A lot of collections come across the front desk. You're going to have to hold those people responsible at the front desk and sometimes above them, their supervisor could be a front office person who oversees the over-the-counter collections. It could be a collections person that oversees the transactions there as well. I lost money as an owner. In that regard, I didn't take financial responsibility for tracking the money that came over the counter and that's where I lost my money. I didn't have a system in place. I didn't take on the responsibility. I just expected them to collect, collect the copays and all that stuff but I didn't have a system in place to track the collections and ensure that those over-the-counter collections matched up with my bank deposits.
That makes sense. That was a responsibility point that you had to get in place and you did.
When I finally took responsibility for it, I could look back on years of not having that system in place and losing thousands and thousands of dollars. The deposits showed the difference.
This isn't just in the business, too. This could be in the household. You don't want to give financially irresponsible people access to being able to spend whatever they want to. It's a characteristic, in general, in life that will do you well if you do that. Aggressive on collections, it’s one of those things where you can't sit back and hope the money comes in. You have to get aggressive on the collections. Here's the thing.
Most practice owners don't like to worry about the money side. They want to do the practitioner's work. I get that the service that you deliver is valuable. You should get compensated for it. You have to make sure it's done quickly and someone is aggressive on that. You definitely need a bulldog in that area. Someone will not take no for an answer or take all the excuses and the objections from the insurance companies. It's a bulldog mentality, you just have to have that, either you have it or if you don't have it, then you hire someone that does have it on the collection wise.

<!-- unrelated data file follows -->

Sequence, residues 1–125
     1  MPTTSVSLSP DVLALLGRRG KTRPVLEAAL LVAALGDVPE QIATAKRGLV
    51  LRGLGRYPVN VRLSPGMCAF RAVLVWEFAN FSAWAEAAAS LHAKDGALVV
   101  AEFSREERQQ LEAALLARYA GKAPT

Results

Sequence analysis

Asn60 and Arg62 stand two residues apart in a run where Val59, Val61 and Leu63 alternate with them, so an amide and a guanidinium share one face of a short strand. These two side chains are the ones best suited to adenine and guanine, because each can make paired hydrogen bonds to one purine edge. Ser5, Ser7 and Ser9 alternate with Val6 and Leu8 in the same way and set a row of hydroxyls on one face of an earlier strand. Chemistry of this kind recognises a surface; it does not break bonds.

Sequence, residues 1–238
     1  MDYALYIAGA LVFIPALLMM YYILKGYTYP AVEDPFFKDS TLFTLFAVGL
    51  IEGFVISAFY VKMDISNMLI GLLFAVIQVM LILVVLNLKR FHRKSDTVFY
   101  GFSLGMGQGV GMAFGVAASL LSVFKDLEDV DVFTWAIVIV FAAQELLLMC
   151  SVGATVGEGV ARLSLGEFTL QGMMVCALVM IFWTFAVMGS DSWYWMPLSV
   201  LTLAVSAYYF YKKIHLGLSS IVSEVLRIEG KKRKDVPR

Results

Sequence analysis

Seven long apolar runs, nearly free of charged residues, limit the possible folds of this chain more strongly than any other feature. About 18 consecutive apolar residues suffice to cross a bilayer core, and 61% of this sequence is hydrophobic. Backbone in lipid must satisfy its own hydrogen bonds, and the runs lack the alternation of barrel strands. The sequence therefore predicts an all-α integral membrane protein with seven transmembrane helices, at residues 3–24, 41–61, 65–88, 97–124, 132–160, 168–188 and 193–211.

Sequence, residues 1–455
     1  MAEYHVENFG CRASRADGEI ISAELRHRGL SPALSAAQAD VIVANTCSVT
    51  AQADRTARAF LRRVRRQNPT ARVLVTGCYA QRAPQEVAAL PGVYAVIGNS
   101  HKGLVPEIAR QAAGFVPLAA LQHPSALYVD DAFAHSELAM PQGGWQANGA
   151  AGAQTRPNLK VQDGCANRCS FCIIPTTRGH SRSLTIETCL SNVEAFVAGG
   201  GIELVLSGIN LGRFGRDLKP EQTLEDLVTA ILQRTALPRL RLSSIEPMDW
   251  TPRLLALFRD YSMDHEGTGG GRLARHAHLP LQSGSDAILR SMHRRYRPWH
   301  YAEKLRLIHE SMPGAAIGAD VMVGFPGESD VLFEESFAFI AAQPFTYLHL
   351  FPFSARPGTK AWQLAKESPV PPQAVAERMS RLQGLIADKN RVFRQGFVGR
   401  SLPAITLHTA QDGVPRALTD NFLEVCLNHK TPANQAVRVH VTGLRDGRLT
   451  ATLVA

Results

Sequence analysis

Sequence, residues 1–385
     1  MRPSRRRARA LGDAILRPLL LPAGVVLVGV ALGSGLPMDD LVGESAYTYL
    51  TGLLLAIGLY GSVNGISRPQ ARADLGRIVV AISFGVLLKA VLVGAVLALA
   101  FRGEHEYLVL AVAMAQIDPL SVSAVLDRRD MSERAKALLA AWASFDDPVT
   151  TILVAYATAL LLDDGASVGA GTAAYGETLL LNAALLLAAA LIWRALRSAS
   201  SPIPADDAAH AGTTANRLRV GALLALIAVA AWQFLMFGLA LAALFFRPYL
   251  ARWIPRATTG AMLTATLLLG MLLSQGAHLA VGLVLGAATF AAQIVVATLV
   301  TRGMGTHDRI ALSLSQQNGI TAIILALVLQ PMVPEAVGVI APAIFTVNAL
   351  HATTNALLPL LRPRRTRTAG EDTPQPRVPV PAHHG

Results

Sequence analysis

That adjective comes up often when I talk about good billers, not amongst my billers but other owners. They have a bulldog mentality. It's funny. If my company is not getting paid, the right biller’s personality is such that they take it personally. They get mad when someone's not paying, whether it's a $20 copay or an insurance company that owes us $100 or $1,000. It doesn't matter. They take it personally that these people are not paying. They owe this money and they're not paying it. They get more upset about it than I do because I don't have that bulldog mentality. I need someone like that to have that mentality that number one, is going to go after everything that's owed to us. Number two, not be afraid to get on the phone and say, “You have a balance due. How are you going to pay for it now?” Also, not be afraid to have that conversation.